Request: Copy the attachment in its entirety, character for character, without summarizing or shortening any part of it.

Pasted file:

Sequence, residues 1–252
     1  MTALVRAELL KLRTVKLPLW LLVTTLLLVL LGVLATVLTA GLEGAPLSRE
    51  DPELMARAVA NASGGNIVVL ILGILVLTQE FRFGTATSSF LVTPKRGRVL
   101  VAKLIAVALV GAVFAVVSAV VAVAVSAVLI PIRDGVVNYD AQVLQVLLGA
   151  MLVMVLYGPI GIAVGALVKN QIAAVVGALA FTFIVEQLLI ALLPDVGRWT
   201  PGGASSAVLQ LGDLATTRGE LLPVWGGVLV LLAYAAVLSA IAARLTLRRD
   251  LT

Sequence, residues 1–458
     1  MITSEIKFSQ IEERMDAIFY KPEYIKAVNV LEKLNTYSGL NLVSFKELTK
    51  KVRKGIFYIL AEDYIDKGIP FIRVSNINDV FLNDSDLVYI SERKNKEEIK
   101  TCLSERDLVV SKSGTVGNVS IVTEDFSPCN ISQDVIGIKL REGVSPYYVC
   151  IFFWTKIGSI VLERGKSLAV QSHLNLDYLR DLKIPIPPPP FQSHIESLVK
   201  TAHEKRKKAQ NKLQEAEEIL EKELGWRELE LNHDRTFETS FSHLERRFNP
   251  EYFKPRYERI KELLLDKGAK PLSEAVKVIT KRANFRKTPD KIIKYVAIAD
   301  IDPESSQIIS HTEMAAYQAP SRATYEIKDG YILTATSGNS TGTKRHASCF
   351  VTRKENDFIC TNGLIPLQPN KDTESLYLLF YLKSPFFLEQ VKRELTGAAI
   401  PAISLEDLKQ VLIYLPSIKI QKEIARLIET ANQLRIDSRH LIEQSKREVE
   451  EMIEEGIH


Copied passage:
Sequence, residues 1–252
     1  MTALVRAELL KLRTVKLPLW LLVTTLLLVL LGVLATVLTA GLEGAPLSRE
    51  DPELMARAVA NASGGNIVVL ILGILVLTQE FRFGTATSSF LVTPKRGRVL
   101  VAKLIAVALV GAVFAVVSAV VAVAVSAVLI PIRDGVVNYD AQVLQVLLGA
   151  MLVMVLYGPI GIAVGALVKN QIAAVVGALA FTFIVEQLLI ALLPDVGRWT
   201  PGGASSAVLQ LGDLATTRGE LLPVWGGVLV LLAYAAVLSA IAARLTLRRD
   251  LT

Sequence, residues 1–458
     1  MITSEIKFSQ IEERMDAIFY KPEYIKAVNV LEKLNTYSGL NLVSFKELTK
    51  KVRKGIFYIL AEDYIDKGIP FIRVSNINDV FLNDSDLVYI SERKNKEEIK
   101  TCLSERDLVV SKSGTVGNVS IVTEDFSPCN ISQDVIGIKL REGVSPYYVC
   151  IFFWTKIGSI VLERGKSLAV QSHLNLDYLR DLKIPIPPPP FQSHIESLVK
   201  TAHEKRKKAQ NKLQEAEEIL EKELGWRELE LNHDRTFETS FSHLERRFNP
   251  EYFKPRYERI KELLLDKGAK PLSEAVKVIT KRANFRKTPD KIIKYVAIAD
   301  IDPESSQIIS HTEMAAYQAP SRATYEIKDG YILTATSGNS TGTKRHASCF
   351  VTRKENDFIC TNGLIPLQPN KDTESLYLLF YLKSPFFLEQ VKRELTGAAI
   401  PAISLEDLKQ VLIYLPSIKI QKEIARLIET ANQLRIDSRH LIEQSKREVE
   451  EMIEEGIH